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Recipients of RSA High School Teaching Grants

For more information on RSA grants in support of innovative teaching of Renaissance studies to high school students, see the main grants page.

2018–19 Academic Year Grantees


Jessica Rose Garrett, AP Art History, Murray High School, Murray, Utah

American Architecture in a Renaissance Revival: A Tour

Project Study Guide (PDF)

In 2015, the AP Art History curriculum underwent a significant overhaul making cross-cultural comparisons even more necessary. This led to planning a student tour to New York City with the goal of experiencing American architecture created in the time of a Renaissance revival. As American founders and philanthropists were looking to architects such as Andrea Palladio and families such as the Medici, our country developed building and art collecting practices that, though Renaissance inspired, were woven into the fabric of our national political and social identity.

Through the financial support of the RSA Grant in Support of Innovative Teaching of Renaissance Studies to High School Students, students were able to tour through the Metropolitan Museum, Frick Gallery, and Museum of Modern Art. They saw architectural drawings and treatises at Avery Library and visited the Morris-Jumel Mansion, eventually making their own drawings of the mansion as well as Low Library at Columbia University and Hamilton Grange.

Upon returning home, the class organized an exhibition of their architectural drawings, complete with summary placards. Students, faculty, and administration were invited to tour through the "gallery" with student docents who personally explained the transmission of Renaissance architectural and art collecting practices from Europe to America as well as the role that architectural drawings played in this important process.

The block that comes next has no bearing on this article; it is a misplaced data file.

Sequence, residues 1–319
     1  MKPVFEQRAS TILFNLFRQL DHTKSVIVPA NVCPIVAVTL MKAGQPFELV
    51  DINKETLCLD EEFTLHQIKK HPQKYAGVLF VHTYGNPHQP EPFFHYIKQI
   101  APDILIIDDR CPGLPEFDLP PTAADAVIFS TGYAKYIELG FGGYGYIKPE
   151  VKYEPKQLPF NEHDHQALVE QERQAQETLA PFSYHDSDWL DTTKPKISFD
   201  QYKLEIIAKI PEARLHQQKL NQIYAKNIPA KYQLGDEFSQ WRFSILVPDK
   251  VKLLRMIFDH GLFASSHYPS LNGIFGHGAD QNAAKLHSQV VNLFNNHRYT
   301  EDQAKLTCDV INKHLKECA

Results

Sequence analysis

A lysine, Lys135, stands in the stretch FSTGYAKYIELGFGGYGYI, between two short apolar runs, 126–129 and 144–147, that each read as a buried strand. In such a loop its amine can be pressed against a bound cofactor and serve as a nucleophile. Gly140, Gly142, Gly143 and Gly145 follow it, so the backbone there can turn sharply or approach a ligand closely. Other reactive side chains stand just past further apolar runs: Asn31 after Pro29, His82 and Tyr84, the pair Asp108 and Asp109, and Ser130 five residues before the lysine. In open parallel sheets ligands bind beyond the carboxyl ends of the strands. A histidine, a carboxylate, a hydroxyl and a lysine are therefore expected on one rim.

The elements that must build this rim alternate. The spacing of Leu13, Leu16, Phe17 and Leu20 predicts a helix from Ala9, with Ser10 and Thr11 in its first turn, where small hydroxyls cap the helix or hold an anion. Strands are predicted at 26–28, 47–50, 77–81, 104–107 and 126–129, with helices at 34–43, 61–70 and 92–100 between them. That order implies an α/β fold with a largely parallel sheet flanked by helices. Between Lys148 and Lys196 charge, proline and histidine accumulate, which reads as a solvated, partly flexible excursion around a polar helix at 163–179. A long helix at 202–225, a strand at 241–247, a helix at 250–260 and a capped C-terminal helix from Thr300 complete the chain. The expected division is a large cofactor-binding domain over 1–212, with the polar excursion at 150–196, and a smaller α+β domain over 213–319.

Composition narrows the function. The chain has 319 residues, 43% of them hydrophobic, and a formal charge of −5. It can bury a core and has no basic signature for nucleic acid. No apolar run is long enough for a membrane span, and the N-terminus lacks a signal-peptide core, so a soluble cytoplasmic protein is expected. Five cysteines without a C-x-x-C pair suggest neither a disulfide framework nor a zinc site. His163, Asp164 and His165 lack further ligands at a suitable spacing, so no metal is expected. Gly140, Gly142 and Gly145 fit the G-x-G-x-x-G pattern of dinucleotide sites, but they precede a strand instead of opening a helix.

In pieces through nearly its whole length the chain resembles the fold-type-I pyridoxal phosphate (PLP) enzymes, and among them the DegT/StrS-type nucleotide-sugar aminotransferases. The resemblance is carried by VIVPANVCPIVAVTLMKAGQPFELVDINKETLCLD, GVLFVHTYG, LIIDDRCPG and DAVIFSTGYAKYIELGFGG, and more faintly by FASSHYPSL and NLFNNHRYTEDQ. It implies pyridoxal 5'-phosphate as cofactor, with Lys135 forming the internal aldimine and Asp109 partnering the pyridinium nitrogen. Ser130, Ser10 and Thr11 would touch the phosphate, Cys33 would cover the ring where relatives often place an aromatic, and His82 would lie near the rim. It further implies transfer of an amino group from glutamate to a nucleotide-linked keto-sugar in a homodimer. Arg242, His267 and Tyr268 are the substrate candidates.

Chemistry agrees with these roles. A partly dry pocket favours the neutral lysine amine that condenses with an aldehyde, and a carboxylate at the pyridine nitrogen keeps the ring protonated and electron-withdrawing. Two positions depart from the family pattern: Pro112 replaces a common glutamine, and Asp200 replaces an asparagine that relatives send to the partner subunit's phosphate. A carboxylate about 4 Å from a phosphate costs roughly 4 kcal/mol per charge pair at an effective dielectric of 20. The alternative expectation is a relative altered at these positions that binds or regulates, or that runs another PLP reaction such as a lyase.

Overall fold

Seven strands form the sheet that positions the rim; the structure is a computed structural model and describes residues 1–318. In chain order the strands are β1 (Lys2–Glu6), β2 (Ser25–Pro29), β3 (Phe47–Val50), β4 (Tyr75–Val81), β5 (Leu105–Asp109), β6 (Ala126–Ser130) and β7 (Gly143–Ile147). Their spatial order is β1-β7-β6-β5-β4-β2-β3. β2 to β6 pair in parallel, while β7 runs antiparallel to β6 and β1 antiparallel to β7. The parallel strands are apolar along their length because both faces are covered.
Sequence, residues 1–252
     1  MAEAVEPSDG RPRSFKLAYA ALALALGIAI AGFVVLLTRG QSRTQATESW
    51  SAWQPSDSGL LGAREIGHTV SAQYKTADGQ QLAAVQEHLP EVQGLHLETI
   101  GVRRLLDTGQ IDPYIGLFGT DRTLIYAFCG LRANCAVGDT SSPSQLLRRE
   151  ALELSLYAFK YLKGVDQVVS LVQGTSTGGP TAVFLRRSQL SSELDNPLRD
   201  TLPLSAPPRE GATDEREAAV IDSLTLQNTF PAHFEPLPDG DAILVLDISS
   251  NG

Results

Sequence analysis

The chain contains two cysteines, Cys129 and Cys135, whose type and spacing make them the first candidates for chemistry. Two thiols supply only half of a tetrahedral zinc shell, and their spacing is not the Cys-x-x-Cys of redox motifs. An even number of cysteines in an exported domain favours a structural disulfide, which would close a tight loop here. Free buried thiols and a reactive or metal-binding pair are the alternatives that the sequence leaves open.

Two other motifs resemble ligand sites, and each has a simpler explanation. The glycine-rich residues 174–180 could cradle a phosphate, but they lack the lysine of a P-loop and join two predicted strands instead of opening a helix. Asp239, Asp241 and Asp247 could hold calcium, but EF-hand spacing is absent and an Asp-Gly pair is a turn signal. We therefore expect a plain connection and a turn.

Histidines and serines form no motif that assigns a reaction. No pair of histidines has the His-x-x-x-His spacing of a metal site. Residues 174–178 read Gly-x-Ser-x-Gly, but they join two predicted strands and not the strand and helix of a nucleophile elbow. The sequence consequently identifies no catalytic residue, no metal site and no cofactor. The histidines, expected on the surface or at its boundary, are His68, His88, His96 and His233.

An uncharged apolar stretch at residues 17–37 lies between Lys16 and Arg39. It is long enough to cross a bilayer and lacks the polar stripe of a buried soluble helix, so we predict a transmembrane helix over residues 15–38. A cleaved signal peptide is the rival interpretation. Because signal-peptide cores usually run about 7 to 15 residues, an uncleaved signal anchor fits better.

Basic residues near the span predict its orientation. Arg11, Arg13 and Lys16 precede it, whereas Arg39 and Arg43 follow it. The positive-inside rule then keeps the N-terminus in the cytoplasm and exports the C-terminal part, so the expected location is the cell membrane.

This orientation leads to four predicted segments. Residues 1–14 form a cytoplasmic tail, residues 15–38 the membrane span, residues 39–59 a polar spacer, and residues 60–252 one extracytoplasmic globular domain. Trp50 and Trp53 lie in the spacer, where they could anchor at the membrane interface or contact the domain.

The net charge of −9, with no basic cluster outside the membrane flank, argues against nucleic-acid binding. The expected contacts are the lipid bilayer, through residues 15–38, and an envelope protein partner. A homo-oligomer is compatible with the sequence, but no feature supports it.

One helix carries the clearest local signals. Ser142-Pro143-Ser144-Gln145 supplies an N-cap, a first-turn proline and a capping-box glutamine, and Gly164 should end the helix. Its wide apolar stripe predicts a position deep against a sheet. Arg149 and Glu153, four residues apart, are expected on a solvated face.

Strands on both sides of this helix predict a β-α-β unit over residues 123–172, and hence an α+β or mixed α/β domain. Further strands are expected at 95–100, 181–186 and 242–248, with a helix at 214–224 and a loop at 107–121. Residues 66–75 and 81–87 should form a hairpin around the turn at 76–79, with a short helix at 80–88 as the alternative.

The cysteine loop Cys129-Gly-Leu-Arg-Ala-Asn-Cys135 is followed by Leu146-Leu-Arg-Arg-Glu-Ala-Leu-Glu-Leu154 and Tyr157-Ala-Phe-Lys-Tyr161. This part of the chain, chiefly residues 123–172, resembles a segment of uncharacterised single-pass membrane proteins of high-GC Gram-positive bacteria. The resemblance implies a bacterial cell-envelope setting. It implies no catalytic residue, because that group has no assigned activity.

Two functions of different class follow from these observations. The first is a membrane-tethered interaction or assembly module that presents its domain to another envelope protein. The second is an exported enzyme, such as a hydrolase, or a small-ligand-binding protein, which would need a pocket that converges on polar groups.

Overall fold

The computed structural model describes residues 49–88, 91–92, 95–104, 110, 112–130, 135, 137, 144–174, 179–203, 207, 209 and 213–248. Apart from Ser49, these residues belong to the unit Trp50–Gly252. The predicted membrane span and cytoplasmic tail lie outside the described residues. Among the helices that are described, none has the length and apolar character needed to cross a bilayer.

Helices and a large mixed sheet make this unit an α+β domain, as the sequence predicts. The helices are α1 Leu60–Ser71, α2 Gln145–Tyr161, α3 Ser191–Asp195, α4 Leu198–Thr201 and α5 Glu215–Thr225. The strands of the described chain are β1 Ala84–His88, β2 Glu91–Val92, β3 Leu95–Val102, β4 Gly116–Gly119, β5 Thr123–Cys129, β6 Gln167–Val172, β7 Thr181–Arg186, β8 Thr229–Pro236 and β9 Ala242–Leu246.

Ultimately, students were able to recognize the interpretation of Renaissance art and architecture in the United States as these practices took on a different hue that, while European Renaissance at its foundation, was distinctly American.

Maggie Ellen Ray, AP English Language and Composition, Bowie High School, Bowie, Maryland

The Commonplace Book Project

Students in an AP Language and Composition Class will learn about Renaissance Commonplace books in order to prepare for creating and maintaining their own commonplace book as a study guide for the AP Language exam and as an artifact to represent modern usage of diverse rhetorical strategies. The project will give students first-hand experience of Renaissance patterns of learning, reading, and remembering. Commonplace books will be both digital and analog.

A full report on this project will be posted soon.

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